Has the era of republic with no public not come to an end?

Has the era of republic with no public not come to an end?

Probably there are two different kinds of republics in the world: republics with a public and republics with its army/secret service/police.

For instance, “North Korea,” as we know it, is actually the Democratic People’s Republic of Korea. It is an example to a republic that has no public but has its army/secret service/police. Or likewise, the “People’s Republic of China.”

The Arab Republic of Egypt: another republic with no public. The republic for a short while remembered the existence of the people but today it once again became a republic with its army/secret service/police. The republic of Egypt, which has an army rather than a public, killed hundreds of people the previous morning by pursuing a goal.

But did not the “Arab Spring” show that the era of republics without a public had come to an end in this region? Yes, it did and if you were to ask me, it still does. The violence that we witness today is the hopeless attempt of the army, secret service and police to stay in power at the risk of hundreds of people’s lives and millions of people’s freedom. They suppose that it is possible to return back to the “republic of no public.”

No it is not. Time is not on their side, it is on the public’s side. Once the genie is out of the bottle, it is impossible to put it back in.

Can there be a democracy without a public?

But is it enough that a republic is a “republic with a public?” Does acknowledging only the existence of the people and succumbing to its decisions guarantee freedoms, equality and brotherhood in that republic?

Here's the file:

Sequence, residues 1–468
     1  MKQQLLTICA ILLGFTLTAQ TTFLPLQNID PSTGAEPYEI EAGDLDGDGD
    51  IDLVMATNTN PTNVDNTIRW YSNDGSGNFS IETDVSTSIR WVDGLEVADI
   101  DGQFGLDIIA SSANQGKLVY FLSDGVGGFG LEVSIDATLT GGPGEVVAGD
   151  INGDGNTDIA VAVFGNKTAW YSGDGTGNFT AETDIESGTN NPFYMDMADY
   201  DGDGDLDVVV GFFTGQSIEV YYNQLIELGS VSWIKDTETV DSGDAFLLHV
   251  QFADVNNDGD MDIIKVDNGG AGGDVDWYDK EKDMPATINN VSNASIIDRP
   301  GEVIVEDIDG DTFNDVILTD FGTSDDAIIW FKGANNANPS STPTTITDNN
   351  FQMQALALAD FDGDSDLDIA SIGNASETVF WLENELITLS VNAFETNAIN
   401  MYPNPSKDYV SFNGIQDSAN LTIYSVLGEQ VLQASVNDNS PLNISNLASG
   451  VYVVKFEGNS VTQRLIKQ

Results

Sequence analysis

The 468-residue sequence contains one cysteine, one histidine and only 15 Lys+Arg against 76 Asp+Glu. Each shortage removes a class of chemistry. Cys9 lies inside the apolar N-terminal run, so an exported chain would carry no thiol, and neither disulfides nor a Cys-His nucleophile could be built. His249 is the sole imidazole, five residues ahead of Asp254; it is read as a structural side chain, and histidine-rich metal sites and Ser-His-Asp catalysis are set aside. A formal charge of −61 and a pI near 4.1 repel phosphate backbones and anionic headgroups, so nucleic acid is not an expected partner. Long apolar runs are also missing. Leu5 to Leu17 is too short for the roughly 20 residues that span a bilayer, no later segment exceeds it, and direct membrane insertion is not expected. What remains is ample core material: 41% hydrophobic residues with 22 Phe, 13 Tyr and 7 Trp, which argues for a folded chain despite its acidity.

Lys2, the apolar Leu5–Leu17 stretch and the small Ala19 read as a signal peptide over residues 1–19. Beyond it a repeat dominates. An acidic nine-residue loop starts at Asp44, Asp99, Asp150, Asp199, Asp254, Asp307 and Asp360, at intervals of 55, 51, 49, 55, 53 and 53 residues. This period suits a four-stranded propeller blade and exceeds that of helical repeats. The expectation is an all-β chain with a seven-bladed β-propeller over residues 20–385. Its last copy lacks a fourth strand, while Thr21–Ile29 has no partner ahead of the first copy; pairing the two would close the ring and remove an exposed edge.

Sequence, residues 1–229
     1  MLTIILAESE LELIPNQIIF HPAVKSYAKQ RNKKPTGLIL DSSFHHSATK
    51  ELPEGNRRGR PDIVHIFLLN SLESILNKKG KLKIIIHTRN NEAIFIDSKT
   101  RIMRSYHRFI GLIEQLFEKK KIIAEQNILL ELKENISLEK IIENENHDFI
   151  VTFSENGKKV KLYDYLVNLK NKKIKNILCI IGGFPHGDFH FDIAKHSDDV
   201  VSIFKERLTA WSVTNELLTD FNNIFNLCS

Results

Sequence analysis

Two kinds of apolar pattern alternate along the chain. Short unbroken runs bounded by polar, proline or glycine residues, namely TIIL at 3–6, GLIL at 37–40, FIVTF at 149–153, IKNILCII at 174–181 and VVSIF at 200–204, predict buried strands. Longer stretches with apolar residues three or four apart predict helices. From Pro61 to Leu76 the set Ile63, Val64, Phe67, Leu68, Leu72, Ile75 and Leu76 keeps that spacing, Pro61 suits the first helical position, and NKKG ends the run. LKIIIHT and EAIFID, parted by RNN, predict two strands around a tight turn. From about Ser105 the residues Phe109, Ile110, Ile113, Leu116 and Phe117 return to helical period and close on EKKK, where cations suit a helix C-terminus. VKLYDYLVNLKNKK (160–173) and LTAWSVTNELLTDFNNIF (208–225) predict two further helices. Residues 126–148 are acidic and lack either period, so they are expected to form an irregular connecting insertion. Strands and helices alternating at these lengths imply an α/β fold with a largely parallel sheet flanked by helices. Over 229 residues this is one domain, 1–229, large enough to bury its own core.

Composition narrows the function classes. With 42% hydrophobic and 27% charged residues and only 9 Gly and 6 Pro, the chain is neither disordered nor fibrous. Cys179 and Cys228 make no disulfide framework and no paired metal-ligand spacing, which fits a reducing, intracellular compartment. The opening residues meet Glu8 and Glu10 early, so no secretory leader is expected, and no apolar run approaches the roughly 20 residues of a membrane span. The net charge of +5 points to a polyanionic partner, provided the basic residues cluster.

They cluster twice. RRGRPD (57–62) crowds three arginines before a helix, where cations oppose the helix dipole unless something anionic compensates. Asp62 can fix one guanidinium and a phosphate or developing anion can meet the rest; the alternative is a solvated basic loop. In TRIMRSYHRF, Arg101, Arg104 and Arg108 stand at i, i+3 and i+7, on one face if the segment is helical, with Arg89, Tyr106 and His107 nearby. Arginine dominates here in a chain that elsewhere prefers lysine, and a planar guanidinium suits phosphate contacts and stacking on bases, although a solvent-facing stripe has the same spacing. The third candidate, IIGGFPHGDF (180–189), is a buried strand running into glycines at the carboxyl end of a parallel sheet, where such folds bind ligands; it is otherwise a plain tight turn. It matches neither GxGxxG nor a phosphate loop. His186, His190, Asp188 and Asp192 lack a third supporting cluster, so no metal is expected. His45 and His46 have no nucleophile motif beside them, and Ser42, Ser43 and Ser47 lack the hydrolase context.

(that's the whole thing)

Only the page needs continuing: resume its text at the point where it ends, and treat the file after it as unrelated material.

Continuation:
No it does not.

Our republic also did not have a public. Our republic gained a public when free and just elections took place on May 14, 1950 and thus succumbed to the results of these elections.

But was this enough? If you are to ask some people, yes it would be enough. For me it is not enough, the acceptance of the people’s existence and power, in other words, succumbing to the election results is a “necessary condition” but not a “sufficient condition.”

The existence of the public has been admitted in Egypt too, elections were held, Mohamed Morsi became the president of the country. This was the “necessary condition” for the acceptance of the people’s existence but it was not the “sufficient condition.” If time had been given maybe the “sufficient conditions” could have been fulfilled too but the republic in Egypt was so used to handling its business without the public that the necessary patience was not shown.

Like I am trying to express, the existence of elections and the change of power by elections is a “necessary condition” in democracies but not a “sufficient condition.”

We have also been expressing a similar debate for decades in Turkey. There are many things in our country to keep the people away from democracies, to prevent the public from joining the governance and to avoid the public’s participating in politics. These vary from our political parties’ law to freedom of expression, and from freedom of assembly to the way in which the deputy candidates are specified... Just as the republics without a public have served their time in this region, so has such a republic in our country.

The degrees of fearing from one’s public

Anwar Sadat and Hosni Mubarak in Egypt feared the people. Therefore, the strongest instruments of the state that were under their control were their secret service and army.

Egypt was a typical example of a republic that had its army/secret service/police but did not have a public. Today it has become the same once again, but this will not last long.

It is not fair to compare Egypt and Turkey in this manner, but it is also at fault to say that the public is not feared of in Turkey.

The government’s reaction to the peaceful protests for the Gezi Park proves this fear. Governments that do not fear the people are governments that do not object to the principal human rights of the public and support the implementation of those rights.

One cannot speak of these rights in Egypt, whereas the 100 percent implementation of the rights in Turkey is still a concern of political bargaining.